How to use margin lending to maximize your retirement fund (+ 5 key benefits)

There has been much chatter in the media recently about Elon Musk’s purchase of Twitter.  

One of the less-covered aspects of the story is the fact that he is funding a large part of the deal through margin loans.  But, what are margin loans and how can we mere mortals use them to our benefit too?

Margin loans (also known as lombard loans) are an effective way for individuals to borrow low cost, short term money.  

However, despite their benefits, awareness of margin loans is relatively low, with many potential borrowers missing out on the opportunity to secure finance with terms that suit them.

Unlike a mortgage or a traditional loan, the advantage of a margin loan is that it can be used to finance anything, for example to purchase property, provide cash flow to a business, or reinvest in stocks investment funds.

Margin loans are quick to arrange and can be secured using almost any asset as collateral with favourable terms to meet individual circumstances.  

In short, they are a valuable way of borrowing higher amounts of money with lower costs.

The practicalities of margin lending

Margin lending works by using the existing assets of an individual to leverage against in order to raise an additional sum of money.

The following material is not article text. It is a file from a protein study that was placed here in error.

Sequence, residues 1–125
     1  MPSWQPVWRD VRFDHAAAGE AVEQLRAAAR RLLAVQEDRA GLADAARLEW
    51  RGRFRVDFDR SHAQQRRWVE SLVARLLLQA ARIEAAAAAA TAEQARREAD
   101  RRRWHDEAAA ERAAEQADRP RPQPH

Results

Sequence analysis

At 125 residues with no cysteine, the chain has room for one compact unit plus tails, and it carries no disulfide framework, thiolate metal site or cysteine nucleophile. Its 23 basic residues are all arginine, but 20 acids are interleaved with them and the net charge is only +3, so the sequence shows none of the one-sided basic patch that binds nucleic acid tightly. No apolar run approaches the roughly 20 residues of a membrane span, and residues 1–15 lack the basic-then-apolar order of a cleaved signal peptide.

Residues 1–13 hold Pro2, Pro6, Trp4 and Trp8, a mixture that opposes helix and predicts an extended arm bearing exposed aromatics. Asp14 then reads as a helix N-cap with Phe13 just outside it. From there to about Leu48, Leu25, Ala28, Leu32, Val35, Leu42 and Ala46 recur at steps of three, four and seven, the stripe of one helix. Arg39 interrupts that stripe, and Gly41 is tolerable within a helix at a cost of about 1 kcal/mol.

For example, a potential borrower may wish to use their portfolio of shares as collateral to secure their margin loan. 

The borrower’s share portfolio (or the portion they wish to use) is assessed and valued and they are offered a loan to value figure – the percentage that they can borrow versus the value of their portfolio.   

In simple terms, a borrower with an investment portfolio worth £2m may be offered a loan to value of up to 50%, meaning they can borrow up to £1m.

They can then use this £1m to invest in property, a business or even reinvest in their existing investment portfolio so that they now have £3m invested.

The latter is known as “gearing” a portfolio and it has the potential to greatly magnify investment returns (and losses!!).

Terms are negotiated based on the borrower’s individual circumstances and their ability to repay the loan and, as with a traditional loan, the borrower will be required to pay interest.

In Elon Musk’s case, he is borrowing against his shares in Tesla to purchase Twitter instead of simply selling them to raise the money. 

This has a double of benefit for him of allowing him to retain his control of Tesla while avoiding paying capital gains tax on their disposal.

Margin calls – what are they and why you should be wary of them

One key feature of margin lending is that borrowers are required to maintain a minimum amount of equity in their margin account.  

This is to ensure that the loan can be repaid should there be a fall in the value of the assets used as collateral.  

Should the value of the assets being held as security drop below a certain level, then the lender will make a margin call and the borrower is under obligation either to pay down the loan or top-up the collateral assets.